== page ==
This got a little messy as it was my first attempt, but once you lift the pastries from the baking tray they don't look too bad. When the icing sugar mix is thick enough that you can paint in on and it doesn't run you literally paint it over the pastry.
I dipped a cocktail stick into gel food colouring and dribbled its over the icing and swirled it a little to give the pink chaotic pattern I have here. I definitely need to work on this technique but it wasn't a bad first attempt.
The final stage is to pipe the creme patisserie onto one layer of pastry. Not too thick but it needs to be thick enough to give the pastries some height. Lay the second pastry on top and then repeat with the fresh creme.
I put the fresh cream as the top layer because it isn't as dense as the creme patisserie and I wasn't sure it would hold the weight of the other layers. Lastly, the pastry layer with the icing goes on top.
And there you go.
Now I admit, its not the quickest or easiest recipe to do, but its not a bad one if you are at home all day and are cooking other things at the same time. I made them on the same day as a batch of Macarons, using the left over egg yolks for the Creme Patisserie.
Even with my messy icing they were a HUGE hit. My father-in-law said they were better than Sprungli, and as compliments go - they don't come any bigger than that.
225g plain flour
half a tsp salt
200g chilled grated butter
180ml chilled water
juice from half a lemon.
Mix the flour and salt into a large bowl and add the butter. Mix the butter around with a large metal spoon to coat it in flour. Be careful to keep the butter in lumps. Most recipes just say to keep the butter in lumps or shreds when you add it as this helps to give the nice raise and flaky layers. I grated the butter because I wanted to control the amount of raise.
Mix the water and lemon juice together and slowly pour into the flour mixture.
Mix everything together using a metal knife. Use a chopping action to kind of chop the butter into the flour until it looks like a dough.
It will still be quite wet.
Tip it out onto a floured surface and work it into a rectangle shape. I rolled it out slightly and then folded the bottom third into the middle and the top third down over that so it is three layers.
Wrap in clingfilm and chill for 10-15mins.
When chilled, remove from the fridge and with the folded edges to the sides roll the pastry out into a rectangle again. The same size as before. Again fold the bottom third into the middle and the top third over. Wrap it again and chill for 30mins. Repeat this step twice more. After the last rolling leave the pastry to chill for 2 hours.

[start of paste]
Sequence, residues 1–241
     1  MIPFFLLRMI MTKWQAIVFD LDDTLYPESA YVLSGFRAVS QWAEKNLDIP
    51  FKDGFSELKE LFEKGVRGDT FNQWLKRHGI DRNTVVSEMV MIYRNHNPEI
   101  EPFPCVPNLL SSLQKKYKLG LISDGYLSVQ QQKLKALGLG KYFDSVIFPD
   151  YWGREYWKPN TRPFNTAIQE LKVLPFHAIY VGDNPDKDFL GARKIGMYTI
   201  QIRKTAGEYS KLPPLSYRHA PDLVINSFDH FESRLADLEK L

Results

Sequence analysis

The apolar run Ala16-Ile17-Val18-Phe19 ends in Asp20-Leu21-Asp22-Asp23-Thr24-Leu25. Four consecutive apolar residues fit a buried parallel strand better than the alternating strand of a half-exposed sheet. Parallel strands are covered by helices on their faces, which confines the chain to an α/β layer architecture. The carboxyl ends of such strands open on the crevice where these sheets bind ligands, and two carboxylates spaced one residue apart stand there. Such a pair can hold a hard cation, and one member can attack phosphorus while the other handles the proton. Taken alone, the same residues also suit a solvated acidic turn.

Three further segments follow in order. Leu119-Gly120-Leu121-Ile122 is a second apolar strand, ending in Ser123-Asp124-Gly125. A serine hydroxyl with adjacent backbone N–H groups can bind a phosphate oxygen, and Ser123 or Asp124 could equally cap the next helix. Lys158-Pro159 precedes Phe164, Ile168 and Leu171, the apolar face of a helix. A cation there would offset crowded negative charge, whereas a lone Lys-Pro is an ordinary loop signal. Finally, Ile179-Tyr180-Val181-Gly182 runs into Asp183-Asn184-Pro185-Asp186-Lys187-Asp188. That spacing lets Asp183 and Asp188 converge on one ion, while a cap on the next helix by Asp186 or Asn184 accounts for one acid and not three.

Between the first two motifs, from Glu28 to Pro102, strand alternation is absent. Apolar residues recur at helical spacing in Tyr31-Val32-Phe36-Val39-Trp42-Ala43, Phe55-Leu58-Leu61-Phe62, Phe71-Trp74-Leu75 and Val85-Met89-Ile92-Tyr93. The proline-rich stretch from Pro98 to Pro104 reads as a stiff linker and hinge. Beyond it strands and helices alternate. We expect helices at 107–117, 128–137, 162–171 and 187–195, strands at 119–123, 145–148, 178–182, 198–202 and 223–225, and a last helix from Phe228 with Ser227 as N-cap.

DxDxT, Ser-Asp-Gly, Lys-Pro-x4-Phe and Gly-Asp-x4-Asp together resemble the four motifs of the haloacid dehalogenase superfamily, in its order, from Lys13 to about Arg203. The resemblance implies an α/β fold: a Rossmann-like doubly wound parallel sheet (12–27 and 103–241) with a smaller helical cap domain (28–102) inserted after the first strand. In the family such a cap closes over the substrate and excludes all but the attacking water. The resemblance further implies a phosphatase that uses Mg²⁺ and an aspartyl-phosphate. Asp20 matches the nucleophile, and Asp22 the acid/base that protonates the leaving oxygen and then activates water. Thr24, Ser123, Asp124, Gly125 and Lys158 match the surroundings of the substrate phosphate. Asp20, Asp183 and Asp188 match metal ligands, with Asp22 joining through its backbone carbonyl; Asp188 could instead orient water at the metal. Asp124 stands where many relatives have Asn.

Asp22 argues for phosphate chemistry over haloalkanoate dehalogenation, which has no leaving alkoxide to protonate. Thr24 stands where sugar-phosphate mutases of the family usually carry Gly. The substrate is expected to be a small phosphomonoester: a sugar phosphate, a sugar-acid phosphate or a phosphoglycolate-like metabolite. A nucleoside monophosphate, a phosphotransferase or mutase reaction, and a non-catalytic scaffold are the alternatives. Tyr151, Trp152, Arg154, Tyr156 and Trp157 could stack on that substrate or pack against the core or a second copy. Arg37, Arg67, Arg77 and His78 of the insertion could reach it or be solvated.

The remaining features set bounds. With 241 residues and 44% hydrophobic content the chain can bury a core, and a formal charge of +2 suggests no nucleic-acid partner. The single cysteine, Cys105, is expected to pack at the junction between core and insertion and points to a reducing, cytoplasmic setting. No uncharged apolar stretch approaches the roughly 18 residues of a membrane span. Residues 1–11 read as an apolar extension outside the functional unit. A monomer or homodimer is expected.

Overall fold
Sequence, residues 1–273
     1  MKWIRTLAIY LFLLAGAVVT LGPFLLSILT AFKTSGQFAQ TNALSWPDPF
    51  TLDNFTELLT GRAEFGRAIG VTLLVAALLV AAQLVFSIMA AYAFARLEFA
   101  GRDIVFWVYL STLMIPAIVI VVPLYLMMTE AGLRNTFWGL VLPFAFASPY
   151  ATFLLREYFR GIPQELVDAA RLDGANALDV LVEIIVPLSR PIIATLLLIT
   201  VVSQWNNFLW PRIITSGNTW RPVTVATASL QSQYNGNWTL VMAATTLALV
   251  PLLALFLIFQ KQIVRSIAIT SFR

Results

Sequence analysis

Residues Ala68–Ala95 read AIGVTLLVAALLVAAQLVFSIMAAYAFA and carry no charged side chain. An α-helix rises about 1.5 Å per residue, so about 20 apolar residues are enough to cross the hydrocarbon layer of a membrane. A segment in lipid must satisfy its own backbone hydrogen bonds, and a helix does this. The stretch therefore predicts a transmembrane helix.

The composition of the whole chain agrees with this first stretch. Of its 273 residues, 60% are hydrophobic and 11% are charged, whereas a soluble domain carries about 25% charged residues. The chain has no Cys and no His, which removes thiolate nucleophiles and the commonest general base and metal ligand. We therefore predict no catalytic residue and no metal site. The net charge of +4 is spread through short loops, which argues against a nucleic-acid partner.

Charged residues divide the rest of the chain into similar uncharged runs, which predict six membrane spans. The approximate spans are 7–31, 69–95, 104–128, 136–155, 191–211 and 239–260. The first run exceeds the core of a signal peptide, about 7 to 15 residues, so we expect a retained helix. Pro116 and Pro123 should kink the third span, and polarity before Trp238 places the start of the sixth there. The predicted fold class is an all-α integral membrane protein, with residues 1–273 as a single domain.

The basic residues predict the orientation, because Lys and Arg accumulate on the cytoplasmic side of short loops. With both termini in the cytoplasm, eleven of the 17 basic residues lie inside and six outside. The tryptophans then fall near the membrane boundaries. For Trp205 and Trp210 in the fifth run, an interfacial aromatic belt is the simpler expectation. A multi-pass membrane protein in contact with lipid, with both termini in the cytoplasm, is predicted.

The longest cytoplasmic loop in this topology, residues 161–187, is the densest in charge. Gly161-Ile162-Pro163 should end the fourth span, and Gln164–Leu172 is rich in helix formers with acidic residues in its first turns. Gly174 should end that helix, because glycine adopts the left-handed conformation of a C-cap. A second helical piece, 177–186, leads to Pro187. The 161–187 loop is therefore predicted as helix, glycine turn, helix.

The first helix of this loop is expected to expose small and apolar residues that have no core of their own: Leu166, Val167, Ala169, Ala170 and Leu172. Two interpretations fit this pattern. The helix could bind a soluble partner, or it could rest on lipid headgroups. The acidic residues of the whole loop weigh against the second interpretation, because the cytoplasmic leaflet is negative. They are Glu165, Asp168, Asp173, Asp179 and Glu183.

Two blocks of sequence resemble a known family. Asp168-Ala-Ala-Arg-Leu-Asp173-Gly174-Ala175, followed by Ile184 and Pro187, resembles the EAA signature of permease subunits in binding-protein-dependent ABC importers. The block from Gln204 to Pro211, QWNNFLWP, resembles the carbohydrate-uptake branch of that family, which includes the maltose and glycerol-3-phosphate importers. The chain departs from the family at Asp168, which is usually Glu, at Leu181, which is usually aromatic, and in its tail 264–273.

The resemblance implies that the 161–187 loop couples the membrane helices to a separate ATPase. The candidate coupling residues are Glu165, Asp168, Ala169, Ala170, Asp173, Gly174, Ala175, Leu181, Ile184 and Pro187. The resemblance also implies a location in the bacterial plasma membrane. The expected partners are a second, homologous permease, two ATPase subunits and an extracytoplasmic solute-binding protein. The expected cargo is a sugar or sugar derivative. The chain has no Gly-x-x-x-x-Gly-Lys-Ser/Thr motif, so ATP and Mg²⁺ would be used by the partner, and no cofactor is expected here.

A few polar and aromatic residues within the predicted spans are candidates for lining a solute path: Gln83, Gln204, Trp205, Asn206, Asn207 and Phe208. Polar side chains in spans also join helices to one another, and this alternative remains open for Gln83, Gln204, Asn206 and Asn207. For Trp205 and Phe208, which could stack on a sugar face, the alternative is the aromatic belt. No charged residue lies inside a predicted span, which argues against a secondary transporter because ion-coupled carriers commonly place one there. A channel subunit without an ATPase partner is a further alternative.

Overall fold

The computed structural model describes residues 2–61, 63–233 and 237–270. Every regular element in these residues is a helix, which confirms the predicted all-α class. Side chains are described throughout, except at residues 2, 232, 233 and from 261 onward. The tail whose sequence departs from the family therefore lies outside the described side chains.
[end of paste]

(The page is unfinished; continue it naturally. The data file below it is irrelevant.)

When chilled remove and quickly roll out into a long rectangle shape about half a cm in thickness, try not to handle the pastry too much as this will make it warm and the butter will melt.
Lay the pastry on a tray and chill again for maybe 10-15 mins.
I made a stencil for the size of the Mile Feuille using baking paper. I lay this over the chilled pastry and used a pizza cutter to cut out the rectangle shapes I needed.
Carefully place the rectangles on a baking sheet lined with paper with a few cm between them.
Lie a piece of making paper over them and lie another baking tray on top to weigh them down.
You want to get a little rise but no too much. I have seen recipes where they suggest to prick the surface for the pastry all over with a fork.... laying a baking tray over the top worked for me, so I'm sticking with it !!
Bake these in the oven for about 10 mins at 200 degrees. remove the baking tray and paper from the top and put them back in the oven for another 5-10 mins until golden brown. Bring them out and let them cool on a wire rack.
This is a recipe I use regularly for fruit scones as it never fails for me.
150 g dried fruit soaked in tea/orange juice/booze
450g self raising flour
(2tsp baking powder per 150g plain flour)
150 g cold butter
2 tsp baking powder
2 large eggs
4 tsp milk
2 tsp sugar Pre heat the oven to 200 C
Mix together flour, butter, baking powder and salt in the food processor until it resembles crumbles.
Beat the eggs and milk together and add to a well in the middle of the flour.
Mix well until it resembles a dough adding a little flour if its too sticky.
Then roll out thick and using a cutter (or an upside down glass as I have done in the past) cut out your scones and place on a baking sheet.
Bruch the top with a little milk and sprinkle the sugar on the top, this gives a nice golden crispness to the top that I quite lie. You can drop this last bit - Its entirely up to you !!.
Bake for about 12-15 mins depending on your oven
This is a nice, quick easy to make tray-bake.
My chocolate drizzle needs a bit of work.... but these little bite-sized treats taste amazing.
Heat the oven to 200 C
Stir together the biscuit crumbs and coconut then add the condensed milk and melted butter.
Press into a greased square cake tin
bake for 10-12 mins.
Remove and let cool.
Turn out the 'cake' onto a board and divide with a sharp knife into small bite sized squares.
Separate them all slightly and drizzle the melted choc over them using small spoon.
Chill and serve ideally from the fridge (or the choc may melt)
These are quick to make.
170g digestive biscuits - crumbled
150g desiccated coconut
395g tin / tube condensed milk
175g chocolate - melted in a bain marie
This tart has a wonderful sweet shortcrust base. It can be made with whatever fruits are in season, but the cooking times for bigger fruit such at plums or apricots will be longer.
Its REALLY easy - apart from the pastry bit. I personally make my own as it has a much lighter finish and taste, but you can also buy it and roll it out !!
Ingredients for the filling
half a cup creme fraiche
1 large egg beaten
half a tsp vanilla extract
2 tablespoons honey (pref gritty)
1 tablespoon flour.
Once you have the pastry case blind baked then you literally just throw the filling in and arrange the fruit on top. In a bowl mix the honey, creme fraiche, egg and vanilla. Mix it well with a whisk until smooth, then whisk in the flour. That is literally it !! How easy is that one !!??